Multinational corporations Summary

  • Last updated on November 10, 2022

American-based multinationals have contributed to the growth of the U.S. economy by acquiring greater access to foreign markets and increasing international sales. Foreign-based multinationals have provided additional employment opportunities to the American workforce, as well as greater product choices for consumers. These multinational corporations have also increased competition among business firms in the United States and contributed to the maintenance of a free market economy.

Multinational corporations may be organized according to three different structures: horizontal, vertical, and diversified. If a multinational corporation is structured horizontally, it manages production facilities in different countries that all produce the same product. Each facility performs the same operations, from beginning of production to completion of the finished product. Vertically structured multinationals manage facilities in different countries that perform usually only one part of the production process. The facility produces a part or good that will be used in another facility to continue the manufacture of the product or receives a part or good from another facility that it will use to continue the manufacturing process. Multinationals that have a diversified structure produce a variety of products. The various facilities in the different countries are not integrated either horizontally or vertically.Multinational corporations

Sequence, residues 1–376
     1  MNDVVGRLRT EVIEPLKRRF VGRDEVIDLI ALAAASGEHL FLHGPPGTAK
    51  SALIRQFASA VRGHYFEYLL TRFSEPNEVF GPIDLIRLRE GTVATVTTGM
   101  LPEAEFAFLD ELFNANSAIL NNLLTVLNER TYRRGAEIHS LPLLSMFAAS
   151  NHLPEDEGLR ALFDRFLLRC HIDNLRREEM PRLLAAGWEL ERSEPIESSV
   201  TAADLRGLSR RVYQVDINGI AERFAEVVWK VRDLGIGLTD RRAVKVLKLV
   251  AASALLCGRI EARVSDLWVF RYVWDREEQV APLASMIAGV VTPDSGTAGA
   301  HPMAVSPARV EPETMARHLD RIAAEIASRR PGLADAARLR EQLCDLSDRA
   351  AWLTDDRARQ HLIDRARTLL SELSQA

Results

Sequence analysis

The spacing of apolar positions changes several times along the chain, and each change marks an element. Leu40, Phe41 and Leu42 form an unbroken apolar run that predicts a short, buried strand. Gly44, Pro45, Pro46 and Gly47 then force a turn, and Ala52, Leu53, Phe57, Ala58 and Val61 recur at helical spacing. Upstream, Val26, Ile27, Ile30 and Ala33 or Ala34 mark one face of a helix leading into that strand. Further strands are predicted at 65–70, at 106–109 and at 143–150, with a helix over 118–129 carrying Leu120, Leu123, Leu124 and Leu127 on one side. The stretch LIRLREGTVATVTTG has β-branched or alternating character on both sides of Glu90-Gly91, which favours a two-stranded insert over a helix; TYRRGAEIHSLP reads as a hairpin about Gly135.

Multinational corporations play an important role in the global economy with their direct foreign investment. Corporations make direct foreign investment by either establishing production and marketing facilities or purchasing existing facilities to create a subsidiary in a foreign country, or by acquiring an ownership interest in a foreign business. Most countries welcome direct foreign investment. The installation of a multinational in a country provides additional tax revenue and increased employment opportunities, and it acts as a stimulus to economic activity. Thus, multinationals are usually offered incentives to set up facilities in other countries. These incentives may include tax breaks, assurance of government assistance, and even at times a relaxation of environmental or other standards.

The United States and Multinationals

One of the first American multinational corporations was the sewing machine manufacturer I. M. Singer and Company, later called the Singer Manufacturing Company. Isaac Merrit Singer, Isaac MerritSinger established his first European manufacturing and marketing facilities in 1890. By the end of the century, Westinghouse, General Electric, Western Electric, and Eastman Kodak had opened manufacturing facilities in Europe, and Standard Oil had established refineries on the continent as well. During the early years of the twentieth century, American-based firms began to set up factories and offices in Canada and Mexico. During the century, an increasing number of American-based companies–including Ford, General Motors, Coca-Cola, International Business Machines (IBM), and McDonald’s–established facilities and factories in foreign countries.

The Singer Building, headquarters of the Singer Manufacturing Company in New York. At the time of its completion, 1908, it was the tallest building in the world.

(Library of Congress)